“I think therapy could help us have more constructive conversations. Arguing less often would make me feel less stressed, and be more loving towards you.”
“I worry that if we continue arguing the same way, I’m going to grow more and more resentful and distant.”
3. Prepare for defensiveness
Whether it's your first time bringing up therapy, or you’ve spoken about it before, your loved one may be defensive.
If your loved one shows resistance, try to avoid a ‘you versus them’ dynamic. Highlight the fact that you are on their side and coming from a place of love.
It may be useful to emphasize your relationship. Stating how important they are to you and how much you care about them may help diminish their defensiveness.
It is also helpful to name their strengths. When approaching someone about mental health, they may feel belittled.
A common misconception about therapy is that it is for people who are weak or incapable. Letting them know that you know they’re smart, capable, and strong can help offset that resistance.
4. Help them set up a session
If a loved one is struggling with their mental health, they may not have the energy or capacity to go through the process of finding a therapist.
If you’re able, helping out with the logistics can help. Making phone calls, setting up appointments, or even driving them to a session can relieve their stress. This may make them more likely to begin their therapeutic journey.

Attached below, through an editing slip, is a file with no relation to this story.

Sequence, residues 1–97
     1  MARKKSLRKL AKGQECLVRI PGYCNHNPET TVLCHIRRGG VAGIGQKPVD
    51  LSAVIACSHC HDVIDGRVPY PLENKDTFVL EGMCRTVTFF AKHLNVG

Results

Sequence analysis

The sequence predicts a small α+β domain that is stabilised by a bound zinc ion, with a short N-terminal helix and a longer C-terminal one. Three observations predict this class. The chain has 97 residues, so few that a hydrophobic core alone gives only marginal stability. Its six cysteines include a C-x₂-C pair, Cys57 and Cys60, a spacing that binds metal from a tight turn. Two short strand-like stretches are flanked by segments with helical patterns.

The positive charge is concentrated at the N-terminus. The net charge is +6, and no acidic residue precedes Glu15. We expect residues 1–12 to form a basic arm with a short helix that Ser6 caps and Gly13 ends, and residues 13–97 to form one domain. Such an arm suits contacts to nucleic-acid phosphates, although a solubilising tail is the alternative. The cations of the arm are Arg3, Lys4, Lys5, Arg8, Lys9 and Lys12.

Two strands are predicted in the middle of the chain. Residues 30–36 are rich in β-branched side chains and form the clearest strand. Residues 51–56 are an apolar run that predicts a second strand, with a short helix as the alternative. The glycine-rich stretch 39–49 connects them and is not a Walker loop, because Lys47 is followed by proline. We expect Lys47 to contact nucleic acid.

Let them know if you’re willing and able to lend a helping hand. Do not surprise them with a booked session; talk through things first.
5. Don’t force it
When you care about someone, it can be hard to watch them go through mental health issues without addressing them. Unfortunately, there’s only so much you can do, and you may need to accept that they won’t attend therapy sessions.
Pushing the matter past someone’s breaking point may do more harm than good. That doesn’t mean that there’s nothing you can do. Oftentimes, people need time to wrap their minds around the idea. If your loved one doesn’t want therapy try:
- Sharing your own experiences with therapy to reduce shame and stigma
- Remaining open if they ask questions about therapy in the future
- Sharing other resources, like podcasts, blogs, or books
While it may be difficult to accept, you will need to recognize when it's time to stop trying.
The exception is if you believe your loved one may be in crisis and a danger to themselves or others. In this case, reach out to your local emergency services.
Accepting that your loved one won’t go to therapy can also be a good time to start focusing on your self-care. If their condition actively causes you frustration, exhaustion, or deep sadness, it may be time to consider what steps you need to take to improve your mental health.
Do you need to set better boundaries? Do you need to focus on your goals? Perhaps you need to consider whether you would benefit from therapy.
The Next Steps to See Your Loved One Thrive
Therapy is a tricky subject to discuss that only gets trickier when you try to convince someone else to attend sessions.
It can be exhausting to feel like your words are falling on deaf ears, and it can be painful to see someone you love going through a difficult time.
Using the strategies in this article can help you better express your concerns and recognize when it’s time to stop trying.
Here at KMA Therapy, we provide a nonjudgmental space to talk through your problems. We’ve worked with clients who are hesitant about therapy, and with the support of our therapists, those clients have come up with goals and strategies to overcome their issues.
Whatever they choose, we want to see you and your loved one succeed.
If you want to share more information with your loved one, try one of the articles below:
- Is Therapy Worth the Cost?
- Will Psychotherapy Help Me?
- Will Couples Counselling Help My Relationship?
- What Should I Expect in an Introductory Therapy Appointment?